Hope is My Middle Name


batmitzvahEarlier this month, Elizabeth Weil wrote a compelling article in the New York Times entitled "The Unexpected Bat Mitzvah." In it, she discusses how she, a "Jew-ish" woman, and her non-Jewish "California surfer type" husband decided to raise their children as ethical without religion. She was completely unprepared when her twelve year old daughter Hannah requested a bat mitzvah. The request threw Weil into a soul-searching spin. To her great credit, she took her daughter's desire seriously, speaking to many friends and searching out real options for Hannah.

When I was growing up, the daughter of two affiliated Jews, I went to religious school AND to Jewish summer camp. Still, when I asked my parents for a bat mitzvah, they assured me that I would have a "Sweet 16" instead. In their defense, that's just what most Jewish girls did back then. Weil's friend Taffy advised her to give in to her daughter. "You have to," she told her. "If you make a big deal of it, guess what? She becomes Orthodox!" I went one step further – I became a rabbi!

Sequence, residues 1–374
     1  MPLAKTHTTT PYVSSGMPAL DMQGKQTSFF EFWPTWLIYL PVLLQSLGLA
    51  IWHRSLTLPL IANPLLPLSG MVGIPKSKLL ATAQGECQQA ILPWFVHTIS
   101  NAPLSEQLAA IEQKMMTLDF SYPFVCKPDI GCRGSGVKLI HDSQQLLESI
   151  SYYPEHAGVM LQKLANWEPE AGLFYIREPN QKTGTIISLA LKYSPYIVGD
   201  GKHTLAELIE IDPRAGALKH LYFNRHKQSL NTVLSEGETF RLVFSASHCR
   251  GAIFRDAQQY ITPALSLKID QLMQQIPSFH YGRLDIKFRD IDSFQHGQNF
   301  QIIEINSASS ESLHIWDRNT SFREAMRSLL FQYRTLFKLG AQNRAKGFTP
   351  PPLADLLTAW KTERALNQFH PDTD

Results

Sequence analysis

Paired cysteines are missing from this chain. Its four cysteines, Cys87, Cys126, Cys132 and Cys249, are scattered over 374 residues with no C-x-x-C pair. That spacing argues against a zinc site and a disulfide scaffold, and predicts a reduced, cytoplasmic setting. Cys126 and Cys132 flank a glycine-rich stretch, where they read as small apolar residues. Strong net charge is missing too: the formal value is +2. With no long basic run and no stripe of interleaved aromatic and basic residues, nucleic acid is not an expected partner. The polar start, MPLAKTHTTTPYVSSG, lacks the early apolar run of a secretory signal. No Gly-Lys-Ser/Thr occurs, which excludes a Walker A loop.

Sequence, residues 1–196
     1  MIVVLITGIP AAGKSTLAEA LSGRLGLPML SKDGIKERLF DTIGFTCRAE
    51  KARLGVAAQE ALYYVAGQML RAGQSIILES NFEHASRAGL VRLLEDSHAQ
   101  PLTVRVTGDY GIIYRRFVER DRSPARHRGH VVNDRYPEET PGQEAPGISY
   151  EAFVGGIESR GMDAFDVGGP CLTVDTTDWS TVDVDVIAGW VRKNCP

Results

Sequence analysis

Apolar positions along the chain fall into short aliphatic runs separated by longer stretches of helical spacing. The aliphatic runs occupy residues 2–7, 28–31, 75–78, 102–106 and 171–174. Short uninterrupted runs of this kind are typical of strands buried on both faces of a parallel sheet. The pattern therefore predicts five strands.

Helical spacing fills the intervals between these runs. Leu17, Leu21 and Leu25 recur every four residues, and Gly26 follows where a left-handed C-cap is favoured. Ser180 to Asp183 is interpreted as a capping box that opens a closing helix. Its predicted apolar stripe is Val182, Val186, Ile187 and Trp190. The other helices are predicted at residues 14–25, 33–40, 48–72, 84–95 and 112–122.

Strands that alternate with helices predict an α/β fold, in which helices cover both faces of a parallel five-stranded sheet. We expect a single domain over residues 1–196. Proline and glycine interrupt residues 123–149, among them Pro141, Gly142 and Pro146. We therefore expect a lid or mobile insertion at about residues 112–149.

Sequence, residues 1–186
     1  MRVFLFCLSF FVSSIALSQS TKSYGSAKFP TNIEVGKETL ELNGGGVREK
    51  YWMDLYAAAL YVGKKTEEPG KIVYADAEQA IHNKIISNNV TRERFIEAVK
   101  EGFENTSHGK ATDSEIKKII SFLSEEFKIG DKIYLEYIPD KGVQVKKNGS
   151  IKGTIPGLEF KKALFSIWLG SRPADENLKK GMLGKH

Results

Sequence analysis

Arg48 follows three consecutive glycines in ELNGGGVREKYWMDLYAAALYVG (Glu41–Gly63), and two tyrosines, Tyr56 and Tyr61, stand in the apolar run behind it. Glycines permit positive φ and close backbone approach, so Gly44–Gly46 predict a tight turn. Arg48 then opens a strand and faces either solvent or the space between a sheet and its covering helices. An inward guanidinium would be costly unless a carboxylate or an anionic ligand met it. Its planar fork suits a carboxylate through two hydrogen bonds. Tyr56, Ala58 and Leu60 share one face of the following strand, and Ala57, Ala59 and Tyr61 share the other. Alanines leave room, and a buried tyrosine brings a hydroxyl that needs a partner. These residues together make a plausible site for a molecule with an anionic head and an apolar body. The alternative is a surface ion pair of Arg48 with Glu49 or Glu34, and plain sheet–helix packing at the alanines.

Weil's exploration took her to a beautiful Sukkot Service at Golden Gate Park with a new San Francisco congregation called The Kitchen, but they dismissed that bat mitzvah option when they learned about a Shabbat service requirement a few times a month. Finally, they found a tutor named Arik who would teach Hannah and create an intimate ceremony for her.

Kudos to Weil for supporting her daughter's desire to connect with her Jewish roots. But a DIY bar or bat mitzvah misses the point. Traditionally, a bar mitzvah was the first time a 13 year old young man would be called to the Torah at synagogue. Standing before his community, he would affirm his commitment to God, Jewish learning and the Jewish community. So much of Jewish tradition is about recognizing that you are part of something much bigger than you. Rabbi Hillel once famously said, "Al tifrosh min ha-tzibbur – Do not separate yourself from the community." A twelve or thirteen year old is busy figuring out who she is and where she fits in. How can someone learn where she fits in, without knowing to what? Teaching her Hebrew and prayers may be an entry point, but without the support of a community, it is an unsustainable proposition.

A bar or bat mitzvah is a ritual connected to Torah, Tradition and Community. Denying the Community component of the three legged stool creates instability and isolation. Hopefully for Weil's daughter, Hannah, the ritual they devise won't be the beginning and conclusion of Hannah's searching soul. Hopefully, instead, it will open the door to a Jewish world that is waiting to embrace her.